The act of greenwashing not only deceives consumers but also undermines the entire industry and those who are truly dedicated to promoting sustainability. This creates a challenging environment for genuine businesses to differentiate themselves and substantiate their authenticity within a crowded market. Consequently, consumers may become sceptical of brands that embrace sustainability and adopt sustainable practices. So, what measures should be taken to address the issue?

Transparency: Brands should be open about their production processes, sources of material, and the lifecycle and production impact of their products.

Clear labelling: Transparent labelling is crucial to prevent greenwashing. Packaging should clearly state the materials used, recycling instructions, and any relevant certifications to communicate the environmental attributes of the product. This transparency will enable consumers to make informed choices and distinguish genuinely eco-friendly packaging from deceptive alternatives,

Third-party certification: Accreditations and practices can help to verify claims. For example, Forest Stewardship Council (FSC) for paper products, or Certified Compostable for biodegradable goods. Is the company B Corp certified, a carbon-neutral company, or on a Net Zero journey? This will support proof of authenticity and intention.

Regulations: stricter regulations across the industry resulting in penalties for misleading marketing would go a long way to deterring the practice of greenwashing.

Infrastructure upgrade: There is a need for a simple, consistent recycling system throughout the UK. The implementation of a straightforward and precise bin structure that is linked to packaging and labelling would not only improve recycling rates, but it would also force brands to ensure that products are labelled accurately and correspond with the designated bins and recycling system. This approach would eliminate any ambiguity regarding the environmental friendliness of a brand’s packaging.

Whilst the move towards green and sustainable packaging is laudable, it is crucial that it be genuine. Commitment to sustainability should be demonstrated through actions and not just implied with words. Hard work is required to embed sustainability into any business and whilst accreditations and sustainable practices take time to achieve and implement, this commitment will pay dividends. Companies must do more than just pay lip service to environmental concerns. A holistic approach and transparency really is the best policy in a market saturated with false and spurious claims. This transparency would not only empower consumers to make informed choices, but it would also hold companies accountable for their claims. Brands that embrace genuine sustainability, openly and honestly will stand out and earn long-term customer loyalty.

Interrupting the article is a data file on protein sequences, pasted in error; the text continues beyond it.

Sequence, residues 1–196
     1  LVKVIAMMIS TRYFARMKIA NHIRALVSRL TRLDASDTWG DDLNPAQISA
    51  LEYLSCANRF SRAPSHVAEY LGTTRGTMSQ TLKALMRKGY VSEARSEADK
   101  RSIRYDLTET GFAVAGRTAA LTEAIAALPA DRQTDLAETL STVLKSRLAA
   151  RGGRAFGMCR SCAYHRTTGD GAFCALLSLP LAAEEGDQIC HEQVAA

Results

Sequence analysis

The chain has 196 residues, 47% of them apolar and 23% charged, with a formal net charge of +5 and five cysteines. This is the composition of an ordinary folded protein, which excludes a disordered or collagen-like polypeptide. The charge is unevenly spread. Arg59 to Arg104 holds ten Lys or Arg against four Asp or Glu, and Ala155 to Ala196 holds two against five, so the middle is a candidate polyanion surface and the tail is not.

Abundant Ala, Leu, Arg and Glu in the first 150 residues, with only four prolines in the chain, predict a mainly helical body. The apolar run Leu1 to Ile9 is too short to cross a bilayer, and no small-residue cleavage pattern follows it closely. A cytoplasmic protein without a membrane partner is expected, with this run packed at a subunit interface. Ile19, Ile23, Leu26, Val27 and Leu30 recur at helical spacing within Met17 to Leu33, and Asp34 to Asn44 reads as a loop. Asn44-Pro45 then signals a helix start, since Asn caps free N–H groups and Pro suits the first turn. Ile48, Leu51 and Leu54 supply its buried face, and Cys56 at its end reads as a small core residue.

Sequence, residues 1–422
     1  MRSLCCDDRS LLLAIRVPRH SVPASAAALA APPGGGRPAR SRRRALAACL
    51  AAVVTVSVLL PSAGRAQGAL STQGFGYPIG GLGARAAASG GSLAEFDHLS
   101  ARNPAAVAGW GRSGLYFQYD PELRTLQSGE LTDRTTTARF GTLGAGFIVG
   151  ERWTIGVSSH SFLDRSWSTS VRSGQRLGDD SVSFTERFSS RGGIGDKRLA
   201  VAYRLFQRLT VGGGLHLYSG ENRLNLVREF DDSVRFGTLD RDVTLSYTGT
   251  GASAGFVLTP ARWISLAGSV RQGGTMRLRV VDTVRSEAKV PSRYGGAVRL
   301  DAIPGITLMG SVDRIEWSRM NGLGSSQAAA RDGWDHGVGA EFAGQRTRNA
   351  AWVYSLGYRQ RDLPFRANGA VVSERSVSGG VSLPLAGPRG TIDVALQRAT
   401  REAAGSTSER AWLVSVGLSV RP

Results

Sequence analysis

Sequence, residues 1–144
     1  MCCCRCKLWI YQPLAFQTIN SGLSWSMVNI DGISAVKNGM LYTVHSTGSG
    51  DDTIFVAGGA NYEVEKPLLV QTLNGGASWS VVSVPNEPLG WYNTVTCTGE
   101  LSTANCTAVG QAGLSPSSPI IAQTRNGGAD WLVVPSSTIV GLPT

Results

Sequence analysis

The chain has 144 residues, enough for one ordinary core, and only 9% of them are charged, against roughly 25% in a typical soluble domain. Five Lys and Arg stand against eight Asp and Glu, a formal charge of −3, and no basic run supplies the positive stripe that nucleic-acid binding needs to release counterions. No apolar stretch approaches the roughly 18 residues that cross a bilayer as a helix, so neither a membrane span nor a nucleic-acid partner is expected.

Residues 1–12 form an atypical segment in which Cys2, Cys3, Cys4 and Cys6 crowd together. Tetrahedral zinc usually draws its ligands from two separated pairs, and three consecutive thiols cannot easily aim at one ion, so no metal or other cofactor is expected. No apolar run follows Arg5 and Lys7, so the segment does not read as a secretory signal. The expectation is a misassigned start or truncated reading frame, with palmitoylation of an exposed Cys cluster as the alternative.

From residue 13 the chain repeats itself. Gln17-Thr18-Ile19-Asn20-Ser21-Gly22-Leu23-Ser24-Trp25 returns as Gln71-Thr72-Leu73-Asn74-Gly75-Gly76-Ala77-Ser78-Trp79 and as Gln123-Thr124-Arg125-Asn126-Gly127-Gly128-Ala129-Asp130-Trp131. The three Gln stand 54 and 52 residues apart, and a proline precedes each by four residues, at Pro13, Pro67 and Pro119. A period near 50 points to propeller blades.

As a business that prides itself on being sustainable and accountable, we understand only too well the hard work, time, investment, and meticulous planning that go into gaining the necessary accreditations to authentically prove ourselves. The packaging market is well-established, competitive, saturated, and ever-changing, and the demand for sustainable solutions is here to stay, so greenwashing must be stopped. By implementing stringent regulations and continuing to educate the consumer, we can collectively strive towards industry-wide, authentic, and sustainable packaging practices.

Please visit here to find out more about Dufaylite sustainable packaging options and Thermal Box Liners | Dufaylite

Ashley Moscrop is Managing Director of Dufaylite

 

 

Ashley Moscrop
Ashley Moscrop
Ashley Moscrop is Managing Director of Dufaylite, UK’s sole manufacturer of recycled paper honeycomb: a 100 percent recyclable, robust and versatile core material that’s become an innovation in the print and signage sector. Over almost two decades years, he worked his way up from the factory floor to MD. dufaylite.com